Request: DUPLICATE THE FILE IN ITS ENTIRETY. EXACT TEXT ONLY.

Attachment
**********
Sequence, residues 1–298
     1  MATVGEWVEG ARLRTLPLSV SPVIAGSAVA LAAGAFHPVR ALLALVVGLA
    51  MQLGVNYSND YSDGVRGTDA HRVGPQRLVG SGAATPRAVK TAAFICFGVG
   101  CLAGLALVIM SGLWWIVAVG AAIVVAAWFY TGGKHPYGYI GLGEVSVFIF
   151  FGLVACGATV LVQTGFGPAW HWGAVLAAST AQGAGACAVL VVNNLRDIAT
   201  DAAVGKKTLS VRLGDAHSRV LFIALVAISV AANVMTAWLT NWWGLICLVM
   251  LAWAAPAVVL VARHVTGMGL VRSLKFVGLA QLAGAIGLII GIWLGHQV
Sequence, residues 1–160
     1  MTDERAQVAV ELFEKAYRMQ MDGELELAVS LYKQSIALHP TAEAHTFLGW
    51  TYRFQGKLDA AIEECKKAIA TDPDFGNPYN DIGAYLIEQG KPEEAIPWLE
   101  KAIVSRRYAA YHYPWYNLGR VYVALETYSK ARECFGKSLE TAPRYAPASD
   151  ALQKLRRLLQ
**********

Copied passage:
Sequence, residues 1–298
     1  MATVGEWVEG ARLRTLPLSV SPVIAGSAVA LAAGAFHPVR ALLALVVGLA
    51  MQLGVNYSND YSDGVRGTDA HRVGPQRLVG SGAATPRAVK TAAFICFGVG
   101  CLAGLALVIM SGLWWIVAVG AAIVVAAWFY TGGKHPYGYI GLGEVSVFIF
   151  FGLVACGATV LVQTGFGPAW HWGAVLAAST AQGAGACAVL VVNNLRDIAT
   201  DAAVGKKTLS VRLGDAHSRV LFIALVAISV AANVMTAWLT NWWGLICLVM
   251  LAWAAPAVVL VARHVTGMGL VRSLKFVGLA QLAGAIGLII GIWLGHQV
Sequence, residues 1–160
     1  MTDERAQVAV ELFEKAYRMQ MDGELELAVS LYKQSIALHP TAEAHTFLGW
    51  TYRFQGKLDA AIEECKKAIA TDPDFGNPYN DIGAYLIEQG KPEEAIPWLE
   101  KAIVSRRYAA YHYPWYNLGR VYVALETYSK ARECFGKSLE TAPRYAPASD
   151  ALQKLRRLLQ